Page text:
Associated Press writer Terry Wallace in Dallas contributed to this report.

Copyright © The Associated Press. All rights reserved. This material may not be published, broadcast, rewritten or redistributed.


Associated Press

Beijing, Shenzhen scrap COVID-19 tests for public transport

BEIJING (AP) — Local Chinese authorities on Saturday announced a further easing of COVID-19 curbs, with major cities such as Shenzhen and Beijing no longer requiring negative tests to take public transport. The slight relaxation of COVID-19 testing requirements comes even as daily virus infections reach near-record highs, and follows weekend protests across the country […]
2 hours ago
A police officer tries to keep the roadway clear as people come to view the Mauna Loa volcano as it...
Associated Press

Molten lava on Hawaii’s Big Island could block main highway

HILO, Hawaii (AP) — Many people on the Big Island of Hawaii are bracing for major upheaval if lava from Mauna Loa volcano slides across a key highway and blocks the quickest route connecting two sides of the island. The molten rock could make the road impassable and force drivers to find alternate coastal routes […]
2 hours ago
Associated Press

Washington condemns shooting at Pakistan embassy in Kabul

ISLAMABAD (AP) — The United States has condemned Friday’s attack on the Pakistani embassy in Afghanistan’s capital in which a senior Pakistani diplomat escaped unhurt but one of his Pakistani guards was wounded. The attack comes amid rising tensions between the South Asian neighbors over Islamabad’s claims that anti-Pakistan government forces are organizing terrorist attacks […]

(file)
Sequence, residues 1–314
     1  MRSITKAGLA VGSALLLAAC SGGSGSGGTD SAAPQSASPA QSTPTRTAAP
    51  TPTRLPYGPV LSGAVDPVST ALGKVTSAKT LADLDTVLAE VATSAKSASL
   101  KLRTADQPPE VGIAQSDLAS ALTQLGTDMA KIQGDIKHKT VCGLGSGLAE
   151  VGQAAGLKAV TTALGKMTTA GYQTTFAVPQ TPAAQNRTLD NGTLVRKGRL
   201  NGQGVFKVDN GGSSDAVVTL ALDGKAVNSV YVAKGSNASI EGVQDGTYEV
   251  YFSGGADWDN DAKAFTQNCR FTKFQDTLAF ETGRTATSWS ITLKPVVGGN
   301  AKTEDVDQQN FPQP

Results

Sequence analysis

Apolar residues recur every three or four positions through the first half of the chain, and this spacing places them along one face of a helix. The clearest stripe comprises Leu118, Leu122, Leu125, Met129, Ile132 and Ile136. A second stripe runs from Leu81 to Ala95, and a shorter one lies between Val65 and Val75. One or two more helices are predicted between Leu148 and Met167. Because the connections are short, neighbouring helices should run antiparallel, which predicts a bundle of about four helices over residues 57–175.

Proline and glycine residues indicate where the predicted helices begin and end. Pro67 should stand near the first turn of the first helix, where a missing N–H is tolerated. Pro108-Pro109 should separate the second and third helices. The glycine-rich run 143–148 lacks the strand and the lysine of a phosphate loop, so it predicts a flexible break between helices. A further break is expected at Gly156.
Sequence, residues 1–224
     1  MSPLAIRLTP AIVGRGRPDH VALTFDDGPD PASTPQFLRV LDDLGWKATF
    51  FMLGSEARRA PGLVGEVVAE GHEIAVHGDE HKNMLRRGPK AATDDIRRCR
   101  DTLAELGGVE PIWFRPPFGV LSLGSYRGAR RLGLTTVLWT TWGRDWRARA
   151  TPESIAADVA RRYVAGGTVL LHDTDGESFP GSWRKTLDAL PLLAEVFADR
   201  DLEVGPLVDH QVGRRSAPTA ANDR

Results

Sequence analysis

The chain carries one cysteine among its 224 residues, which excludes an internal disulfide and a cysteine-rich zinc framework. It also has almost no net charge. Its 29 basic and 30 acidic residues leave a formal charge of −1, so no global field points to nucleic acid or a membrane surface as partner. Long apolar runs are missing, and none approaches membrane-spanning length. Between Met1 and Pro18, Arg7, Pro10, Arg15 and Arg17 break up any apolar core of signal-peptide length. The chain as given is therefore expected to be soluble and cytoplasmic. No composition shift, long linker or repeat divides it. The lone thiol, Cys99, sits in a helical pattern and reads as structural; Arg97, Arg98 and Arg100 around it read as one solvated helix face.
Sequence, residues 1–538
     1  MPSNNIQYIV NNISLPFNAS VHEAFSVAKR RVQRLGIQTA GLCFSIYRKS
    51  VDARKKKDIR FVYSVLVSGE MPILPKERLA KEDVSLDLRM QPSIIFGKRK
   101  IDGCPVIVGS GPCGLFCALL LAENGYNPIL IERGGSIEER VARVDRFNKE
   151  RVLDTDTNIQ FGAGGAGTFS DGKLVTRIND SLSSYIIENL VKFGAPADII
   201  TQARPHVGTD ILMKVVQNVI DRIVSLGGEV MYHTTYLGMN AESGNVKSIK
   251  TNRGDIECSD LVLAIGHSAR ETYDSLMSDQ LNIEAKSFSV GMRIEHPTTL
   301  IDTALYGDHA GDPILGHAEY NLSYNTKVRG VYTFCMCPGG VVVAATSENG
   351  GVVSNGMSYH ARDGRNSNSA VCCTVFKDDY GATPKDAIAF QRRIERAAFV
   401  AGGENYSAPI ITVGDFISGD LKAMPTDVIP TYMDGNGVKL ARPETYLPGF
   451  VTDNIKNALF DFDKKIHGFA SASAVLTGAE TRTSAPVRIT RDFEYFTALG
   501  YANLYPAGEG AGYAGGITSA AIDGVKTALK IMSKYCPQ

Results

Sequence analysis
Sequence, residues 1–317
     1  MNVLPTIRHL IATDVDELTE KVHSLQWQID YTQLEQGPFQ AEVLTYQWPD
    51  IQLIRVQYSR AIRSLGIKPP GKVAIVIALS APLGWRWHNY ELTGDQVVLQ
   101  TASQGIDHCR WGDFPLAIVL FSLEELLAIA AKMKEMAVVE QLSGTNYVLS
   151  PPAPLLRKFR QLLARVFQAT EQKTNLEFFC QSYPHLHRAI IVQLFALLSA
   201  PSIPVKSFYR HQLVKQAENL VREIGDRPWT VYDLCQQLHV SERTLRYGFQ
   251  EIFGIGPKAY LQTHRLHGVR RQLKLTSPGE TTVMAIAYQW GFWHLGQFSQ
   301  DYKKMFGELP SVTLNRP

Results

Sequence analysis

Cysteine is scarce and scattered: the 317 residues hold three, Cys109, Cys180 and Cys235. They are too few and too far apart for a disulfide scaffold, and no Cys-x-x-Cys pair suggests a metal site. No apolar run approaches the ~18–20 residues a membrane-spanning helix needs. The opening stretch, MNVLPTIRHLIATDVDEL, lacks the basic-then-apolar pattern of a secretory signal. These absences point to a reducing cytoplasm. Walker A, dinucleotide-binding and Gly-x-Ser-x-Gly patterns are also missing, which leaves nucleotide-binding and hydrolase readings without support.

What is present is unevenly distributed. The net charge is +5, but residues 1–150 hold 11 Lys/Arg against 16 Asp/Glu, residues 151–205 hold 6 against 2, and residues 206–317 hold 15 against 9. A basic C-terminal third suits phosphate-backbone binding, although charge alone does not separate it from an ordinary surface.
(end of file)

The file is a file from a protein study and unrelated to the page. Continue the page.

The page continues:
2 hours ago
FILE - Residents queue at a bank branch in Kherson, southern Ukraine, Nov. 21, 2022. Even as Ukrain...
Associated Press

EXPLAINER: Can Ukraine pay for war without wrecking economy?

FRANKFURT, Germany (AP) — Even as Ukraine celebrates recent battlefield victories, its government faces a looming challenge on the financial front: how to pay the enormous cost of the war effort without triggering out-of-control price spikes for ordinary people or piling up debt that could hamper postwar reconstruction. The struggle is finding loans or donations […]
2 hours ago
Members of the Korean Confederation of Trade Unions shout slogans during a rally against the govern...
Associated Press

Thousands protest in South Korea in support of truckers

SEOUL, South Korea (AP) — Thousands of demonstrators representing organized labor marched in South Korea’s capital on Saturday denouncing government attempts to force thousands of striking truckers back to work after they walked out in a dispute over the price of freight. There were no immediate reports of injuries or major clashes from the protests […]
2 hours ago
FILE - A protester holding flowers is confronted by a policeman during a protest on a street in Sha...
Associated Press

At Shanghai vigil, bold shout for change preceded crackdown

SHANGHAI (AP) — The mourners in Shanghai lit candles and placed flowers. Someone scrawled “Urumqi, 11.24, Rest in Peace” in red on cardboard — referring to the deadly apartment fire in China’s western city of Urumqi that sparked anger over perceptions the country’s strict COVID-19 measures played a role in the disaster. What started as […]
1 day ago

Sponsored Articles

Quantum Fiber

How high-speed fiber internet edges out cable for everyday use

In a world where technology drives so much of our daily lives, a lack of high-speed internet can be a major issue.
Quantum Fiber

How high-speed fiber internet can improve everyday life

Quantum Fiber supplies unlimited data with speeds up to 940 mbps, enough to share 4K videos with coworkers 20 times faster than a cable.

Key dates for Arizona sports fans to look forward to this fall

Fall brings new beginnings in different ways for Arizona’s professional sports teams like the Cardinals and Coyotes.
Election conspiracy theorists jailed in Texas lawsuit